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An application (licence 6060) has been made to explore the highlighted area. Christopher Wilson Investments has also applied for two other licences (6061 and 6068) within the ‘Coffs Harbour Mining Division’, according the August 21 NSW Government Gazette. Image: contributed

NCEC asks CVC to be ‘precautionary’ about mining

The North Coast Environment Council (NCEC) says “north coast local governments need to be proactive and precautionary in identifying high conservation lands and water supply catchments that should be off-limits to mining”.

“Mining exploration on the Dorrigo Plateau and in the Coffs-Clarence water catchments could have serious impacts on regional water supplies,” NCEC president Jim Morrison said in a media release.

“That means [on] everyone downstream of the mines, from towns, villages and farms to local industries, particularly those that depend on clean water like agriculture, horticulture, grazing and fisheries.”

NCEC committee member John Edwards, who runs the Clarence Environment Centre (CEC), has written to Clarence Valley Council (CVC) raising his centre’s and the NCEC’s views regarding the potential threat mining poses “to the region’s drinking water quality and / or supply”.

In his letter to CVC and each of its councillors, Mr Edwards said that the “latest minerals exploration licence application by Christopher Wilson Investments has brought into focus … minerals exploration that has been on-going for the past decade, at least, on the Dorrigo Plateau”.

“The western extent of [exploration licence 6060],” Mr Edwards writes, lies directly between the Nymboida and Little Nymboida Rivers, the two waterways that deliver all drinking water to the entire region.”

Mr Edwards has asked CVC if it “proposes to be more proactive on this issue, in the same way it has acted to oppose river diversion”.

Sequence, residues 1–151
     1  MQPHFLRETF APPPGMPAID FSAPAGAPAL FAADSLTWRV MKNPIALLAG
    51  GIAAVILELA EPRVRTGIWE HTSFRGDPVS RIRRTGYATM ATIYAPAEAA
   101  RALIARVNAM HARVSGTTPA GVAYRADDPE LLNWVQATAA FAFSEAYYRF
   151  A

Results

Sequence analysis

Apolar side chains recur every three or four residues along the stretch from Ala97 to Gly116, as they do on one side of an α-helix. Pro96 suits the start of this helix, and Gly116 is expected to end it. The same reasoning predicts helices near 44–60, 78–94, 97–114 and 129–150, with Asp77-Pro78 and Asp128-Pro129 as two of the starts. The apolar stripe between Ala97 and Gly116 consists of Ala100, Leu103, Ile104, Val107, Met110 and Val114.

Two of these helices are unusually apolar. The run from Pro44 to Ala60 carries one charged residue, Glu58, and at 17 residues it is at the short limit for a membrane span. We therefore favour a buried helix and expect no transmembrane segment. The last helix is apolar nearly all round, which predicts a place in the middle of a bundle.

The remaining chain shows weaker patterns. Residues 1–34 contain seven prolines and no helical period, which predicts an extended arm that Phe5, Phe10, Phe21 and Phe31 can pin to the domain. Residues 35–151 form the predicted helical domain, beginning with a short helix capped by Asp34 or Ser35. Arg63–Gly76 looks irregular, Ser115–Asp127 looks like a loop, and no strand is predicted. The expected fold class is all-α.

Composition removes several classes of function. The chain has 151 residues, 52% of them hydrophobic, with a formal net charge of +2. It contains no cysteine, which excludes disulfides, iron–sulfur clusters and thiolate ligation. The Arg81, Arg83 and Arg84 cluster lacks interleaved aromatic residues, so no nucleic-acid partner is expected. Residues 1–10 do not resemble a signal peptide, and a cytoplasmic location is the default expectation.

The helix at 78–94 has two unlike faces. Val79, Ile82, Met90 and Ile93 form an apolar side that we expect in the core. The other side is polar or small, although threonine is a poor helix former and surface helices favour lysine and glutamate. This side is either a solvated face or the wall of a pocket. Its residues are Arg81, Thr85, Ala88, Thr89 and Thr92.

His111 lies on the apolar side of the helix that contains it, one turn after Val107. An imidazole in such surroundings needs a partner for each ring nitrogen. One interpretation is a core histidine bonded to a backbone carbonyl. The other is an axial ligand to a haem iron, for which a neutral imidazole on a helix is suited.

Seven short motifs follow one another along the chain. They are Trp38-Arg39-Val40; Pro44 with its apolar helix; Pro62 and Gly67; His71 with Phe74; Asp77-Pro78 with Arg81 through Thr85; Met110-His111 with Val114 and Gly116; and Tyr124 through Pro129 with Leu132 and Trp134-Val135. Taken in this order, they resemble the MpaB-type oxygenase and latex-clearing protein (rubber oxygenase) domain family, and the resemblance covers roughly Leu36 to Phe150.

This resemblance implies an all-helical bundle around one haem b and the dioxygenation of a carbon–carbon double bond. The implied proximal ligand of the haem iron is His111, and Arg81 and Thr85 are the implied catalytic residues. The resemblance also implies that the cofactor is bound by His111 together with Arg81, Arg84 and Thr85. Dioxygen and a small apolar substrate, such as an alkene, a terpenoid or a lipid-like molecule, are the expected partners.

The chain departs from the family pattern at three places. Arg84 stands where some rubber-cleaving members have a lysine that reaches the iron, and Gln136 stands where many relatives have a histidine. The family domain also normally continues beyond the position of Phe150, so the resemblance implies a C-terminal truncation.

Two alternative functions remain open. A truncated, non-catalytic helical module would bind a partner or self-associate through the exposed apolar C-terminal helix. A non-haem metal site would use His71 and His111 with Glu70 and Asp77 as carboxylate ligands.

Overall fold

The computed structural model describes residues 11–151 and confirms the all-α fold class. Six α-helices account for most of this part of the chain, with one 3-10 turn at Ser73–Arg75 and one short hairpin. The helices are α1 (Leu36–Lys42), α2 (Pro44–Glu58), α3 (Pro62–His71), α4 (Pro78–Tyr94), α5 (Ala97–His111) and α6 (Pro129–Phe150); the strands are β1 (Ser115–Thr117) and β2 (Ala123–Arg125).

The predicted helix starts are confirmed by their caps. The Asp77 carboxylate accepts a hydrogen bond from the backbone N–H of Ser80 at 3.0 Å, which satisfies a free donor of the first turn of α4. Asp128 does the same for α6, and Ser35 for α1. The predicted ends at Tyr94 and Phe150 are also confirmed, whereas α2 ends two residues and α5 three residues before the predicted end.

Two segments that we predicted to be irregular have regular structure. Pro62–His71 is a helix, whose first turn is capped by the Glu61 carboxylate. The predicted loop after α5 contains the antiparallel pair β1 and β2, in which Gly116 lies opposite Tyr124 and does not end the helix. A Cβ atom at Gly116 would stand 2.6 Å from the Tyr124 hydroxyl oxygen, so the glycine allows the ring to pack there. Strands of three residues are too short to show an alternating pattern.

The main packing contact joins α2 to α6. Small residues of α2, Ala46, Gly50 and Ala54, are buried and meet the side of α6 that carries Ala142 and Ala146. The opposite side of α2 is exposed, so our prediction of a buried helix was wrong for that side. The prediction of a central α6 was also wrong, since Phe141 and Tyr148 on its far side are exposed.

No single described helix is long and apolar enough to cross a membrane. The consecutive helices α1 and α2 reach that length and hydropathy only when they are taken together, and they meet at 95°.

At CVC’s September meeting, councillors unanimously endorsed CVC’s submission to the NSW Government’s Inquiry into the rationale for, and impacts of, new dams and other water infrastructure in NSW, reiterating its opposition (for the fifth time since establishing its policy in 2006) to any diversion of the Clarence River.

“We acknowledge that these [exploratory and/or mining leases and applications] are ultimately a state government responsibility, and in the past our approaches to that body has always been answered by the ‘it’s only exploration, just drilling a hole in the ground, there’s no environmental threat at all’ argument,” he writes.

“However, while this may be true, if a viable mineral resource was found, the company in question would have an expectation to be allowed to extract that resource.

“Frankly, it would not be fair, having allowed the exploration to take place, potentially at the cost of millions of dollars, for the government to reject that mining application.”

Mr Edwards and the two volunteer-manned groups he represents believe “mining leases need to be re-mapped across the whole of Australia, to identify sensitive areas, drinking water catchments, heritage sites and places of environmental and social significance … and declare them off-limits.”

He asks CVC to “inform us as to council’s policy, if any, in regard to these potential threats”.

“Could the issue be raised within council with a view to eliminating those threats?” he writes.

Mr Edwards said he was yet to receive a reply from CVC, however, when the Independent spoke with him CVC’s 10-day letter turnaround policy was still in play.

The NCEC has also contacted Coffs Harbour Council, which shares its water supply with Clarence Valley Council.

The Shannon Creek Dam “sources water from the Nymboida river, near Nymboida,” CVC’s website states, “[and] is designed to be used during dry periods to provide water supply security and reduce the impact of water extraction from the Orara and Nymboida rivers during low flows.”

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